Beef Plan Movement (BPM) has announced that it will not accept any form of culling or limitation of the Irish herd of suckler cows, while allowing all other sectors to continue in what the organization calls “unrestricted” fashion.
The group responded to the Strategic Plan for the Common Agricultural Policy (CAP), which is now open for public consultation.
The plan outlines a new “Suckler Carbon Efficiency Program”, which is to build on the Beef Data and Genomics Program (BDGP) and the Beef Environmental Efficiency Program (BEEP) to improve the sustainability of suckler cow herds by improving the “genetic earnings” . .
The program consists of two actions – “A” and “B”, which are carried out on a five-year contract basis. The two measures run in parallel and a farmer can only participate in one or the other.
Dimension A will be for farmers who were in the BDGP on June 1, 2021 while Dimension B for farmers who were not or not at all in the BDGP at this point in time.
Emmanuel Ó Deá, a member of the BPM Maternity Committee, said:
“We must stop denigrating the beef sector, and naturally raised cattle in particular.
“There were over a million suckler cows in Ireland in 2011 at a time when agricultural emissions were below our 2030 target.
“Since then, the suckler cow herd has decreased by 15% and our agricultural emissions have escalated.”
Beef Plan Movement has stated that it has not participated in any consultation on the CAP Strategic Plan (CSP).
She has expressed her intention to find out which agricultural organizations were involved in drawing up the plan and why “they felt it was appropriate to continue stigmatizing the suckler cow sector”.
BPM Vice-Chairman John Moloney said the association has campaigned with the government on many issues related to cattle breeding and tabled several proposals on areas from climate to CAP reform.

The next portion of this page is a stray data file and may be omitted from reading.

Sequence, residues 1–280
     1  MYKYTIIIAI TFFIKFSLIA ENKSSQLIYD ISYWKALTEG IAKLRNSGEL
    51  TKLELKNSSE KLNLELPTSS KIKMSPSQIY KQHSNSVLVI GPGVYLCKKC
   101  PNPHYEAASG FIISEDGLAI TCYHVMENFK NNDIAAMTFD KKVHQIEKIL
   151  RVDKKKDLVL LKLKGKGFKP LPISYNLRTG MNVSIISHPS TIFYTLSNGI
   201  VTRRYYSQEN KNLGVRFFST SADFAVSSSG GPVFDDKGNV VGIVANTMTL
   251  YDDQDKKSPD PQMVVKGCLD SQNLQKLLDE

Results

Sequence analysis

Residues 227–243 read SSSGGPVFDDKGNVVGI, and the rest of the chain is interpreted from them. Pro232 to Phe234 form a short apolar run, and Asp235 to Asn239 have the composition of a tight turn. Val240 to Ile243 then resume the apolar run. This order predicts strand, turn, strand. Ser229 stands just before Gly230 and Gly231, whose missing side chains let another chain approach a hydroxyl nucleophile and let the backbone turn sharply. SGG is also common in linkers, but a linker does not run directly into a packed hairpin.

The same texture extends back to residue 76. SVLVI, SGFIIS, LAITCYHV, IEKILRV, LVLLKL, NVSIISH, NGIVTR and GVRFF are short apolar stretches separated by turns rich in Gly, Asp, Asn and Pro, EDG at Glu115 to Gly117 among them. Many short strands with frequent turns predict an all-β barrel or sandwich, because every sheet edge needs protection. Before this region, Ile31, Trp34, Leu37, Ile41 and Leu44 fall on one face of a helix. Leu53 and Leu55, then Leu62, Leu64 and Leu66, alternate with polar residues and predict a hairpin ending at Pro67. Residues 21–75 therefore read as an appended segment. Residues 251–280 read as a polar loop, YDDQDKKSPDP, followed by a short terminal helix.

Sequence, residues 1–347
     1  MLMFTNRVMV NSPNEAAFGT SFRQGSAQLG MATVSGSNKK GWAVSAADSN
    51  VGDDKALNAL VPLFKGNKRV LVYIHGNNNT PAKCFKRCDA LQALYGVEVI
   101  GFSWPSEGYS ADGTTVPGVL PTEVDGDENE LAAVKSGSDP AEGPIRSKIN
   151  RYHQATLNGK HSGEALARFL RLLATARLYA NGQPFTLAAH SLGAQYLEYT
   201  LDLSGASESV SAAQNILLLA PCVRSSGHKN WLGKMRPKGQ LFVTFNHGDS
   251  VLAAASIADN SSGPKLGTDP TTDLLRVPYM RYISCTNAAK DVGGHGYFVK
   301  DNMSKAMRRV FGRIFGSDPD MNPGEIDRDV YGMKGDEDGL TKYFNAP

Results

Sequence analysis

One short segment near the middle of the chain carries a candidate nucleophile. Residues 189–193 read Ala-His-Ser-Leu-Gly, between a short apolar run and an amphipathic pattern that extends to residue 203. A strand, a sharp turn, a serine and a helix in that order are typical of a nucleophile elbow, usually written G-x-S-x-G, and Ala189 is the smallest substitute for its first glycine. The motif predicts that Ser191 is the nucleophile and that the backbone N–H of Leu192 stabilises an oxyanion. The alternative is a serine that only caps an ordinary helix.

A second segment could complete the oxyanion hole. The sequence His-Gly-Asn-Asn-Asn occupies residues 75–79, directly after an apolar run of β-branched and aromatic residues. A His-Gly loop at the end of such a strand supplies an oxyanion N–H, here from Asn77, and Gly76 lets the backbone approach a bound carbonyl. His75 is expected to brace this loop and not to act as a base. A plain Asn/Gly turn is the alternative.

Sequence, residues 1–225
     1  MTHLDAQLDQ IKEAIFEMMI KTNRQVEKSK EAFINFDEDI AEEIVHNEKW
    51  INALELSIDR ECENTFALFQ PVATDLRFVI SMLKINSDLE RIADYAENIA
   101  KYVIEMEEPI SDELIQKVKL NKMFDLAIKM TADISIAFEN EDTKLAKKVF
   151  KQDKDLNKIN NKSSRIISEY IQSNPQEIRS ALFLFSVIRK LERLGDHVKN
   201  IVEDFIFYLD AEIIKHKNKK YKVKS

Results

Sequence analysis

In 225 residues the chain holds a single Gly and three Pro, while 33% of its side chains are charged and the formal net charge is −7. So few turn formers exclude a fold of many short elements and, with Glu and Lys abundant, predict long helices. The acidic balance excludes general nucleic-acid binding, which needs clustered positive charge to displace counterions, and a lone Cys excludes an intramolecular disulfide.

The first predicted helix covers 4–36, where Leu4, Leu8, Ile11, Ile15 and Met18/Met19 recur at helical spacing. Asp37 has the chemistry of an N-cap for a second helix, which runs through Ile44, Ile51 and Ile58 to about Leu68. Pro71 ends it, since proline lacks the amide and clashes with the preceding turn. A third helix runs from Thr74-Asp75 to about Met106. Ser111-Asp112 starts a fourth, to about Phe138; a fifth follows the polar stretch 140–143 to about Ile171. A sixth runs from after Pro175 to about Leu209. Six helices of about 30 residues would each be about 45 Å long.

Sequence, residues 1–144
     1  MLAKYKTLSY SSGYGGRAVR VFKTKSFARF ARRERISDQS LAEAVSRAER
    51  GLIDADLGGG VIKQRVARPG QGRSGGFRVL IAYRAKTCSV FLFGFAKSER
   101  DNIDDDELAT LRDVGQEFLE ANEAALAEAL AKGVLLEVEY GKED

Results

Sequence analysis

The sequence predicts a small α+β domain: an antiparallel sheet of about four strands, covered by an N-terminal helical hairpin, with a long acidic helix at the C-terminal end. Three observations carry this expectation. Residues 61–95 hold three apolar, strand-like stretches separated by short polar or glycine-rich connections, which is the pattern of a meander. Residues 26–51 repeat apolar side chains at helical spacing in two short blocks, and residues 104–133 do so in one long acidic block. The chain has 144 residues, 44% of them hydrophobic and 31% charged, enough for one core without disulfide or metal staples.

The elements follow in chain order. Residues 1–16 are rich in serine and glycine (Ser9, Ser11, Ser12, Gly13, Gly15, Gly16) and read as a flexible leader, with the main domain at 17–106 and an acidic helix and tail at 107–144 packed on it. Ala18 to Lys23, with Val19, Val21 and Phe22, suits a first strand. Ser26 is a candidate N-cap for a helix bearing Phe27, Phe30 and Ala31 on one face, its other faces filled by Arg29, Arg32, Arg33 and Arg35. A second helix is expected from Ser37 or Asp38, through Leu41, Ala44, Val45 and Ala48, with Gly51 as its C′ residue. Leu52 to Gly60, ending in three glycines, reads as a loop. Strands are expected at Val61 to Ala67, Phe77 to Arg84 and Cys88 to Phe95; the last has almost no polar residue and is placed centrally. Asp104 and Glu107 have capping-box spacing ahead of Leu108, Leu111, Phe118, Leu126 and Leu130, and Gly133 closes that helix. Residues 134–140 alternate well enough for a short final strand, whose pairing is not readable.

Moloney said: “However, we find it disappointing that the government has not consulted with Ireland’s only dedicated beef group on this matter.
“Our herd of suckler cows just doesn’t make sense in our opinion.
“The simple fact is that with a million suckler cows in the country in 2011, we were below our 2030 emissions targets.
“It is the move away from vacuuming that is driving our national emissions up. The suckler cow herd is essential to the production of quality herd for our herd of cattle, ”he added.
According to Moloney, less than 7% of dairy farming’s EBI is related to carcass traits, even though over 70% of calves are destined for beef production.
He added: “We do not believe that the number of dairy cows should be limited as this detracts from the real problem of stocking density. Each company should be judged on its own merits and intensity.
“As a rule, mother breeding farms have a low stocking density and a low use of inputs, which is why it makes little ecological sense to target the national suckler cow herd.
“Methane is a greenhouse gas [GHG] and contributes to global warming. The problem we have is that the fact that methane from livestock is recycled carbon is not recognized, ”he added.
“Grass strips carbon from both agriculture and industry and converts it into meat, milk, organic fertilizers, and so on.
“We want this process to be recognized right now. Methane from livestock is treated no differently than CO2 emissions from burning fossil fuels, ”he concluded.